Surfacing how much Underground there is in the new BoE blog

Simon Wren Lewis joins in the celebration of the Bank of England’s new blog for staff.  But I think he can be read as going a bit too far in divining a message – and discernible dissent – in one of the first posts, by Haberis, Masolo and Reinold.

The Bank Underground compares two simulations of the distribution of inflation, one where the effective lower bound of 0.5 per cent constrains policy, and one where there is no constraint on monetary policy, and highlights the increased probability of deflation in the former relative to the latter.  Simon says ‘The blog does not discuss the policy implications, but they are pretty obvious.’  And goes on to explain that these implications are that, faced with such a risk when you are constrained, you should be overshooting the inflation target in the most likely scenario.

Simon clarified on Twitter that he didn’t intend this reading of his words, but, I think some might read him as saying ‘see how subversive the new blog is: they are allowing staff to communicate that they think the MPC should be overshooting the target’.

But there is nothing in the post to tell what the staff think is the most likely simulation.  The MPC have said on a few occasions that they ‘have the tools’ necessary to deal with the current conjuncture, which implies that they think they are unconstrained.  [Assertions that I think are hard to substantiate btw].  And the staff are careful not to contradict this message.  I suppose that the very fact that the constrained simulation is there at all might be interpreted as some sort of oblique hint.

The weighty issue of what one can and cannot read into a Wren-Lewis text aside, I’d give the Bank a ‘could do better’ mark for transparency on this post.

You can see that the senior management have gone with it because they think that by leading with a potentially sensitive topic they are signalling that this is going to be a forum for dissent and free thinking.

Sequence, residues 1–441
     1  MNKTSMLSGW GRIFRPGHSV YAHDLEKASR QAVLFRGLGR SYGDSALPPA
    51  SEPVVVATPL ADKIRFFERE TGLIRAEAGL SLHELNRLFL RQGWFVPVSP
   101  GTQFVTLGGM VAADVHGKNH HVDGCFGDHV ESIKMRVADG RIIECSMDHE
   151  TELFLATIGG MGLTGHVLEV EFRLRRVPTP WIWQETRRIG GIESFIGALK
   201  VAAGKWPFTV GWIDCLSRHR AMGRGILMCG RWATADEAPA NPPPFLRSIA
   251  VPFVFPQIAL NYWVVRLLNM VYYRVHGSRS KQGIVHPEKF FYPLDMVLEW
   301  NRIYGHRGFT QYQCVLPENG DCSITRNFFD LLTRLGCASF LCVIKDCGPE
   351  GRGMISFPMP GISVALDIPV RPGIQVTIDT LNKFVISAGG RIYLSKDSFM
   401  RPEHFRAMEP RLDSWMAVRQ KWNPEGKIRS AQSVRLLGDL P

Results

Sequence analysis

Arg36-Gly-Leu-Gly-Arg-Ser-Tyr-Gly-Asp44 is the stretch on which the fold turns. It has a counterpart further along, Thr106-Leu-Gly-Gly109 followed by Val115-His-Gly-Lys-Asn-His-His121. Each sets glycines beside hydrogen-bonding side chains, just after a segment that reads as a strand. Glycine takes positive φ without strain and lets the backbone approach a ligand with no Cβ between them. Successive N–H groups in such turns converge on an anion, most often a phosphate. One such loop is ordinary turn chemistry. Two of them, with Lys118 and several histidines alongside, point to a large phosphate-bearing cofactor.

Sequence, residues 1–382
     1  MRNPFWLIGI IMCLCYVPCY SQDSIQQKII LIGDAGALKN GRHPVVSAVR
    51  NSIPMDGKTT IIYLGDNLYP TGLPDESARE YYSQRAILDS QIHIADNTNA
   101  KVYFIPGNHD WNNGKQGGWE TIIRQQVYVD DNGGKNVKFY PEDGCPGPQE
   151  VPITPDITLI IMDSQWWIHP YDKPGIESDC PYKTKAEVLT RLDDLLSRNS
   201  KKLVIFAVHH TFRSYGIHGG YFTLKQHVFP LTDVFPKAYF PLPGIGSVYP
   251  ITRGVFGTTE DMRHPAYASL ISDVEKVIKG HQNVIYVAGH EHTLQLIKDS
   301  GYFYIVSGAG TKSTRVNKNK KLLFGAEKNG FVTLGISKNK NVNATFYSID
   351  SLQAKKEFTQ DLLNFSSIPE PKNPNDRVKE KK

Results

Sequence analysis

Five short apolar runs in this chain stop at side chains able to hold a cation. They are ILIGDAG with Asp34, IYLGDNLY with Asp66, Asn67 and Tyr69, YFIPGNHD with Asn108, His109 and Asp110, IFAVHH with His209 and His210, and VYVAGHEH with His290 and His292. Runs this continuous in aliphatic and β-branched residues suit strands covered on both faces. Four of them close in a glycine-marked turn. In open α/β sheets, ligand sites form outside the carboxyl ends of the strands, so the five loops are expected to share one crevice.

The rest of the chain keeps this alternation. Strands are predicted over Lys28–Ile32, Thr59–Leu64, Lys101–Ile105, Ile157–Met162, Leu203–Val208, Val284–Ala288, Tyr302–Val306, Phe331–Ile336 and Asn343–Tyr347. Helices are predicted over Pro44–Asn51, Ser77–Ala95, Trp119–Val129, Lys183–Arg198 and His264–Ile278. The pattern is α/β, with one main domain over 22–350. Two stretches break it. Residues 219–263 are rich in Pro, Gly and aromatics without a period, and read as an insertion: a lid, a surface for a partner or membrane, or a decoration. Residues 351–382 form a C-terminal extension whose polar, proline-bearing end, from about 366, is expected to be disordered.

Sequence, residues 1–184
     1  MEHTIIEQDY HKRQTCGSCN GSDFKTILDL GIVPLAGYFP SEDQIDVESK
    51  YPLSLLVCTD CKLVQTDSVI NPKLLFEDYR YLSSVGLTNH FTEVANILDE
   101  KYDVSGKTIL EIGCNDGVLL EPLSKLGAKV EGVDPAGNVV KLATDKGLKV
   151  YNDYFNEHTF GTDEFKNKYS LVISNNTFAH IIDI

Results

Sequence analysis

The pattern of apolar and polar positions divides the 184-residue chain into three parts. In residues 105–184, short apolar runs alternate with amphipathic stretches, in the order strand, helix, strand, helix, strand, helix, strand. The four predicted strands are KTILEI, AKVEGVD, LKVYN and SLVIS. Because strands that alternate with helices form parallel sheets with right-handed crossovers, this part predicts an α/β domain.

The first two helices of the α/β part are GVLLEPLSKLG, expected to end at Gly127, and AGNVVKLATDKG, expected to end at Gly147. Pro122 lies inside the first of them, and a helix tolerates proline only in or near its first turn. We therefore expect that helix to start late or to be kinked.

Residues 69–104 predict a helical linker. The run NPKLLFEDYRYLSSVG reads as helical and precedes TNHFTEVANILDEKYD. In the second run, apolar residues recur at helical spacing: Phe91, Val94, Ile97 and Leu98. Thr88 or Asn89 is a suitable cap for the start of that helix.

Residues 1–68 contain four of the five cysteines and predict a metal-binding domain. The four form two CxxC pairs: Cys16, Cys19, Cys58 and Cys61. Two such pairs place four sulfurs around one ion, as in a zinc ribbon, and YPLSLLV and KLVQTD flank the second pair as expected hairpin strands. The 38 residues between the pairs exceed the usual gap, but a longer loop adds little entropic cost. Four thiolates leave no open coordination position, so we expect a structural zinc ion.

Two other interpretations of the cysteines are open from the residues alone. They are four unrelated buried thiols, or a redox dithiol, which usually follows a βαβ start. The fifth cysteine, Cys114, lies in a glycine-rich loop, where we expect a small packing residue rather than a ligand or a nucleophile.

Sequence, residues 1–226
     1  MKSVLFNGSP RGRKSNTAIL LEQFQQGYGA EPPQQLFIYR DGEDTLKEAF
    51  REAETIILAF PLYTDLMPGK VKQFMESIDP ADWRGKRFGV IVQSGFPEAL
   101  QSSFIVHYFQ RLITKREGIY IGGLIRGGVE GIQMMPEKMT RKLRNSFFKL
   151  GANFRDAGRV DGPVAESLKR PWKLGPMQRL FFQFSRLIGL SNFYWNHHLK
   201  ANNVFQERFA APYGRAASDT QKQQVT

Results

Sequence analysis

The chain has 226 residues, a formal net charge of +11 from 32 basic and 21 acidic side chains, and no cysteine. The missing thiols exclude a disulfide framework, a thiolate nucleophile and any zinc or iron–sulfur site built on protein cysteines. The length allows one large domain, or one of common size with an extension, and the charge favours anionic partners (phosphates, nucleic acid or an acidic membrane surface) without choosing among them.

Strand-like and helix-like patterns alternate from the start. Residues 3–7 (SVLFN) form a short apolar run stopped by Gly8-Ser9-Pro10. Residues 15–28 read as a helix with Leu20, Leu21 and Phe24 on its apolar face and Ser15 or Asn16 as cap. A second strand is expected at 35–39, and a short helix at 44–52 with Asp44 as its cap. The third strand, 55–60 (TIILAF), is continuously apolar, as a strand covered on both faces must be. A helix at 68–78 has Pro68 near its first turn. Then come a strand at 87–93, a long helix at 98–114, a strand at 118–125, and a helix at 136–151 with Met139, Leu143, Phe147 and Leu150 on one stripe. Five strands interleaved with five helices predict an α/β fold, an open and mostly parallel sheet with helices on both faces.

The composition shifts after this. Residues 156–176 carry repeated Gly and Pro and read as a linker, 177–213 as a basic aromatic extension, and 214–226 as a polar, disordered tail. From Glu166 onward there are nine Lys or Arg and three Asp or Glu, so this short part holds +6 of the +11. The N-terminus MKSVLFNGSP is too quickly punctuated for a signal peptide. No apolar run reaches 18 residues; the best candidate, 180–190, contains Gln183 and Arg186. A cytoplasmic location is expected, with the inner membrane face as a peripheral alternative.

However, the very boldness of this signal of intent is contradicted somewhat by the editorial decision to ensure that the authors are silent about the main point.  That being, of course:  are the MPC to be thought of as constrained, contrary to how they describe themselves?  And is their distribution of future inflation given what they have in mind for their instruments too deflation-heavy or not?

[If it isn’t already obvious from the above, I don’t blame the authors for these things at all].

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6 Responses to Surfacing how much Underground there is in the new BoE blog

  1. C Milas says:

    Hi Tony,
    Many thanks for this post. Am I correct in noting that the blog simulations do not “adjust” for the opinions of the MPC members whereas the fan charts routinely reported in the Inflation Report do adjust? With this in mind, one could possibly argue that we should not read (as far as policy implications are concerned) too much in the blog simulations.
    Many thanks!
    Costas

  2. Tony Yates says:

    The MPC fan charts are created to match the judgements of MPC. The ones in this blog post by the staff are produced through stochastic simulation. This of course also begs the question what the staff think about the methodology underpinning the fan charts produced for the MPC.

  3. “You can see that the senior management have gone with it because they think that by leading with a potentially sensitive topic they are signalling that this is going to be a forum for dissent and free thinking.

    However, the very boldness of this signal of intent is contradicted somewhat by the editorial decision to ensure that the authors are silent about the main point.”

    Surely this just demonstrates that most likely the blog will be no more a vehicle for genuinely dissenting views than, say, the two Fed blogs have been. And that is probably realistic. I elaborated the point here http://croakingcassandra.com/2015/06/20/central-banks-blogging/

  4. marksastley says:

    I didn’t see the blog as that much of a criticism of the official line as they also said (but didn’t present nice chartsto illustrate) that the negative inflation skews pretty much disappeared when they changed the lower bound constraint from 0.5% to 0.0%. That could well be more reaslistic assumption in light of the raft of central banks (ECB, SNB, Riksbank, DNB) who’ve taken rates below zero to seemingly no major negative effects on their financial systems thus far (although of course early days and the UK could be different). And it now looks like a much nearer-term issue than it was at the heat of the crisis (could get into retrospective criticism that “lucky to get away with it” I guess). And no discussion of how the possibilty of (extra) QE fits into the simulations. But overall good to see a bit more opennes at the old lady – although would be even nicer if things like “forecast challenges” got put out there (fat chance?). And have they said whether there is any management oversight/editorial of the content of the blogs or how which blog is selected to be posted (haven’t seen anything)?

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